At your core, deep inside your gut, you have a garden…a plethora of bacteria creating your very own bio-network. The health and happiness of this intimate ecology influences your health, your likelihood of being obese and a myriad of other health concerns. All of us live in a grand symbiosis where we play host to a trillion little one-celled creatures—they outnumber the cells that make up our tissues by ten to one. We provide the little guys with a place to live and regular access to food, and they help us with digestion and influence how our metabolism and immune system works. But you are not just a passive host—the choices you make about food are your contribution to this system that, in turn, supports your health.
The majority of this garden lives in the long intestine (colon) and works happily (we hope) on metabolizing the stuff that we can’t or don’t process. Their ability to rapidly evolve—a generation turns every twenty minutes—allows them to quickly respond to varying intestinal conditions—and they are masters of chemical and genetic engineering! They produce short-chain fatty acids which feed the cells lining our gut and which are easily absorbed to carry fat-soluble molecules on into the liver. They make biotin, vitamin B12 and vitamin K as well as variety of amino acids and metabolites (end-products of the bacteria’s own digestive processes). What we eat influences the types of bacteria that live in us and what they produce. And, what lives in us correlates with whether we are obese, have Type 2 Diabetes or heart disease. Current science has demonstrated that our little lodgers influence how much energy we absorb from food, how our metabolism is regulated and how much inflammation we experience.
Biodiversity is an indicator of gut health—however, there are two major phyla of gut bacteria—the Firmicutes and the Bacteroidetes. Weight loss through dietary changes seems to increase the levels of Bacteroidetes. Firmicutes favor more calories and less fiber and are associated with higher fat absorption, obesity and inflammation. One study showed that changes in diet and amount of calories significantly changed the gut flora within 24 hours. Obesity, of course, increases your risk for Type 2 Diabetes, some cancers and heart disease.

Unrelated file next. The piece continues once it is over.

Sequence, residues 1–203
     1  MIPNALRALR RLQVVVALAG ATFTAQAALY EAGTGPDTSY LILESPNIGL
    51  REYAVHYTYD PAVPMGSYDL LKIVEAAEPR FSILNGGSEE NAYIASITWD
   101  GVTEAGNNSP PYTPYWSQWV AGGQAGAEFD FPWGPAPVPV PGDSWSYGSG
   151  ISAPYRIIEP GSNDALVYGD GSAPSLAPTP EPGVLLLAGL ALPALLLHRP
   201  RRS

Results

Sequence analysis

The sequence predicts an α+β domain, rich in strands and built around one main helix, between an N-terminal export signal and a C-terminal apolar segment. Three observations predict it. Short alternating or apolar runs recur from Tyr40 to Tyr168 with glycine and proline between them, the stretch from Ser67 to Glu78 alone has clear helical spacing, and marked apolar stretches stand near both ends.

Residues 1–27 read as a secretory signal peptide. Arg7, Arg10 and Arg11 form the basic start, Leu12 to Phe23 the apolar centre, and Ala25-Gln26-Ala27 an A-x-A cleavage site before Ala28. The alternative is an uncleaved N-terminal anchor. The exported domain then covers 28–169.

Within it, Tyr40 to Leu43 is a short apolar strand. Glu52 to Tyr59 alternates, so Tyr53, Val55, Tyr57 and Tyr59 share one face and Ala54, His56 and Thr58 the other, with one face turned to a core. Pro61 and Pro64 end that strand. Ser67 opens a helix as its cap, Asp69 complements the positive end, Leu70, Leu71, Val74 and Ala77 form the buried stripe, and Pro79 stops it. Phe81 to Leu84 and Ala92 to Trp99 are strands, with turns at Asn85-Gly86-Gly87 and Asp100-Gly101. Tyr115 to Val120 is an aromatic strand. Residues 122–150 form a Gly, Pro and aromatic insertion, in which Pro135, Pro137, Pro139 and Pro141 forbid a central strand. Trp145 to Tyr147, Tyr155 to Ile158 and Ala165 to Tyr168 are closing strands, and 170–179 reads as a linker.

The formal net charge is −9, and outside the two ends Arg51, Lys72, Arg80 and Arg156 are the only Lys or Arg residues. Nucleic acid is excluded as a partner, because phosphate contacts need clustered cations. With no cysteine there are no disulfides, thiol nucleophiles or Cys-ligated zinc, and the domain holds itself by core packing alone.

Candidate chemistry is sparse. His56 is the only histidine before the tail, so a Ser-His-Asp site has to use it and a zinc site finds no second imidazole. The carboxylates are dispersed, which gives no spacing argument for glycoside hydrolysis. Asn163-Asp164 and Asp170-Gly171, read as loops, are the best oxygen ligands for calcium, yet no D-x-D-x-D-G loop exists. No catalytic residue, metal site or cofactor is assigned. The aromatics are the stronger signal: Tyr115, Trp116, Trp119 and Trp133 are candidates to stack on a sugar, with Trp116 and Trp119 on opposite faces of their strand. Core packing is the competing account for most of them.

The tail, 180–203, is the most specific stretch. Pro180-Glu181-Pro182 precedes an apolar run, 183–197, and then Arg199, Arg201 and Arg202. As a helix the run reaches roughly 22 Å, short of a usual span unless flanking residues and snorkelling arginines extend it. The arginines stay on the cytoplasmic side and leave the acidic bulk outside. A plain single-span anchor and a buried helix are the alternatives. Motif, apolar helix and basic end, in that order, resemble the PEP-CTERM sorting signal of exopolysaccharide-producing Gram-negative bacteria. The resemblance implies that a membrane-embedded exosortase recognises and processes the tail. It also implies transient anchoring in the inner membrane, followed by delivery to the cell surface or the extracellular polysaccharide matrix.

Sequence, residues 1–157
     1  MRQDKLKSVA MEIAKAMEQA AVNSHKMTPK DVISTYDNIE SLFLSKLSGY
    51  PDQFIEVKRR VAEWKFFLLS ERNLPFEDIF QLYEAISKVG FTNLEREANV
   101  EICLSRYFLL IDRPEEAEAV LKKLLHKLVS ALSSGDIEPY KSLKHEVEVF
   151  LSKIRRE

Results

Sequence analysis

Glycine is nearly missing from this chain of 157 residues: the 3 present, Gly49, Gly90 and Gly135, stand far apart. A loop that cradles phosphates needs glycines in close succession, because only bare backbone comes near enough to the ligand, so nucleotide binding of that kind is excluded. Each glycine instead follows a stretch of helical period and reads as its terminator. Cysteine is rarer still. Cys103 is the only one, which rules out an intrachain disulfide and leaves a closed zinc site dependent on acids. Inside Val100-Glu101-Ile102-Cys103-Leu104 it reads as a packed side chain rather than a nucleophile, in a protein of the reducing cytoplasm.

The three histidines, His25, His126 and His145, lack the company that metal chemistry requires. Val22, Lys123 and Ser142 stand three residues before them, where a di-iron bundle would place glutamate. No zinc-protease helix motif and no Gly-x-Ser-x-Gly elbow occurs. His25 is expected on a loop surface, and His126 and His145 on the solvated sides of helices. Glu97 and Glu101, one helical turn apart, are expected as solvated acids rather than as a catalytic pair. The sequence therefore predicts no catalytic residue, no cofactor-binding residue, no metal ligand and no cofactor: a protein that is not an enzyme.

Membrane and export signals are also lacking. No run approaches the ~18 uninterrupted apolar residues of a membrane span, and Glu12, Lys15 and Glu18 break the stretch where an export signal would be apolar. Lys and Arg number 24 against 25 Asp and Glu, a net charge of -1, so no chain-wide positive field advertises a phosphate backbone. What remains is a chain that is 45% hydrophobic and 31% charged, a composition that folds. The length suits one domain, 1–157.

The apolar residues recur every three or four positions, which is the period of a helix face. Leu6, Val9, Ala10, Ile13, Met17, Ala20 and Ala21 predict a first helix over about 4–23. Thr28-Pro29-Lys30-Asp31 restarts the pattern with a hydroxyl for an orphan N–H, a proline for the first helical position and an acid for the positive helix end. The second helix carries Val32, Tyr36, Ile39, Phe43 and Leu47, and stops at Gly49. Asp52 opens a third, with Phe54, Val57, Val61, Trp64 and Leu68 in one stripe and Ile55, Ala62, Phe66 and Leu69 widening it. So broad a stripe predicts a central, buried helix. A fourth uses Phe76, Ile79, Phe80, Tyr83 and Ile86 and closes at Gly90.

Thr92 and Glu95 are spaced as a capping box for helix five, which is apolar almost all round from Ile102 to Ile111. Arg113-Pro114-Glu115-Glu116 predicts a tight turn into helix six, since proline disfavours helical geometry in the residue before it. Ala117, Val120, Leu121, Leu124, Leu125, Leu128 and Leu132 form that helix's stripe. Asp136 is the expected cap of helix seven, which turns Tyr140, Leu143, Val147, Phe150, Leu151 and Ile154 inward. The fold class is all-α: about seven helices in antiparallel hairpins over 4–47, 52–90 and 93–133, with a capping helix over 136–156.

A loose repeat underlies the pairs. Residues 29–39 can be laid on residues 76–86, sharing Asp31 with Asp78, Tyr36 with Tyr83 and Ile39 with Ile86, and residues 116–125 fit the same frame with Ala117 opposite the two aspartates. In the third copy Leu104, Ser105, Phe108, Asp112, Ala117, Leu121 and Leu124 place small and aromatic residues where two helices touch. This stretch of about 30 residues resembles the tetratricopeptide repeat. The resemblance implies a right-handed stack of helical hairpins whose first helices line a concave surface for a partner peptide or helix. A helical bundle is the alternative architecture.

If you eat meat regularly, you have a different microbiome than folks who eat no animal products. This difference in gut bacteria may result in a higher heart disease risk—researchers have found an interesting link between high levels of a waste product that gut bacteria produce after consuming carnitine or choline. Carnitine is a compound that shuttles fats into the mitochondria (our cellular energy-production factories). It is concentrated in muscle tissue and found in high amounts in red meat and some energy drinks. When certain gut bacteria consume carnitine they produce a gas which gets absorbed and carried to the liver, which then turns it into trimethlamine-N-oxide (TMAO). The same process happens when gut bacteria consume choline. Choline is found in high amounts in eggs, milk, liver and peanuts. Our bodies make both carnitine and choline normally, but when we eat foods with high concentrations of these compounds, TMAO levels increase.
TMAO makes it easier for immune system scavenger cells to begin their invasion of damaged tissue-lining blood vessels. These scavengers engorge themselves on LDL cholesterol that has been damaged, or oxidized, and eat up so much of it that they become foam cells, which help form the arterial plaque we know as atherosclerosis, or hardening of the arteries.
The science linking TMAO derived from carnitine and choline is in its initial stages, so we’ll have to wait until further science provides more details. In the meantime, a high-fiber, plant-based diet seems to be the best for less weight, less inflammation and less disease risk—and best for friendly gut bacteria. Micheal Pollan’s maxim, “Eat food, not too much, mostly plants,” is still the best nutritional regimen you can follow for good health within and without.
For you science geeks out there, here is the list of references:
Baumier, M.D. (June 2013) “Gut Bacteria.” Today’s Dietitian, Great Valley Publishing Company, Spring City, PA
Liebman, B. (June 2013) “Six Reasons to Eat Less Red Meat.” Nutrition Action Health Letter, Center for Science in the Public Interest, Washington DC
Higdon, Jane (2003) Choline. Linus Pauling Institute available at: http://lpi.oregonstate.edu/infocenter/othernuts/choline/
Lawrence, G.D. (2013) Dietary Fats and Health: Dietary Recommendations in the Context of Scientific Evidence. Advances in Nutrition. 4:294-302
McIntyre, T.M. and Hazen, S.L. (2010) Lipid Oxidation and Cardiovascular Disease: Introduction to a Review Series.” Circulation Research. 107:1167-1169
Office of Dietary Supplements National Institutes of Health, Dietary Supplement Fact Sheet: Carnitine, Available at: http://ods.od.nih.gov/factsheets/Carnitine-HealthProfessional/
Walter, J. and Ley, R. (October 2011) The Human Gut Microbiome: Ecology and Recent Evolutionary Changes. Annual Review of Microbiology. 65: 411-429
Wang, Z., et al. (April 7 2011) Gut Flora Metabolism of Phosphatidylcholine Promote Cardiovascular Disease. Nature. 472(7341):57-63